She predicted an uptick in activity in the telemedicine space, particularly in schools, and specifically highlighted the program in place in Elwood in which school nurses deal with both physical and mental well-being. “We are going to have, I would say, a real focus on technology – how to make sure the payment models work well to try to encourage that kind of innovation.”
Regarding opioids, Brooks stressed how the state and “every community, every county I represent does have a significant focus on the issue.“ She talked about the workforce impact and “seeing help wanted signs” from employers.
“This is problem that is an addiction we can’t arrest ourselves out of; it’s a crisis and it’s going to require a very different way of thinking.”
Early this year, the Indiana Chamber and Wellness Council of Indiana announced the Indiana Workforce Recovery initiative, a strategic partnership with Gov. Eric Holcomb and his administration to combat the opioid epidemic. The mission of the Indiana Workforce Recovery initiative is to empower the business community to play a lead role by educating and guiding employers through the steps they can take to help their workers.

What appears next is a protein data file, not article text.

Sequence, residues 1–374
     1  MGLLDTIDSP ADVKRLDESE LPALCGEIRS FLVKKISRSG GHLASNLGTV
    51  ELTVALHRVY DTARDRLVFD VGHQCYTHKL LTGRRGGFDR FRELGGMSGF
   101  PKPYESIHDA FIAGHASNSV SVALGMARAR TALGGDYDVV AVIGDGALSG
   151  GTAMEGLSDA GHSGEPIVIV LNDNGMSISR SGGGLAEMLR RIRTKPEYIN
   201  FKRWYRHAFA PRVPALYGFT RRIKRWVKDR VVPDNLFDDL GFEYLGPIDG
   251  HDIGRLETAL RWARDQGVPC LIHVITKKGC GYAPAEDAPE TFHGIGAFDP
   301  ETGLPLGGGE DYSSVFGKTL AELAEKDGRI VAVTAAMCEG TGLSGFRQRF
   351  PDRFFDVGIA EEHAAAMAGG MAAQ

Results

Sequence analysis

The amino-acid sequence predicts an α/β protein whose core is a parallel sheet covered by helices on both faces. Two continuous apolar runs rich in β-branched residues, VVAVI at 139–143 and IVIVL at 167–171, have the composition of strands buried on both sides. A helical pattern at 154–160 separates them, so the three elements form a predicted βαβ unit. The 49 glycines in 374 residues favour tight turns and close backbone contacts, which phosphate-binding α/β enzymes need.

Congressman Jim Banks (IN-03) outlined what’s going on with immigration. He said if he’s learned anything in the 21 months he’s been here “it’s how complex immigration policy can be”, citing the trend to roll virtually every possible aspect into one bill an “immovable object”.
Still, he notes that despite disagreements on the subject, there are several areas where there is “consolidated, broad – even bipartisan – support.” Heading that list is securing the border.
“Currently there are over 11 million illegal immigrants in this country, accounting for 3% of our overall population,” Banks noted.
Meanwhile, Rep. Pete Visclosky (IN-1), took on the topic of environmental matters. He said that “as we transition economically, we need to use carbon as intelligently as possible, to understand it still has an outside presence in our economy and not to simply wish it away.” Visclosky also noted his believe in climate change and talked about what that has done.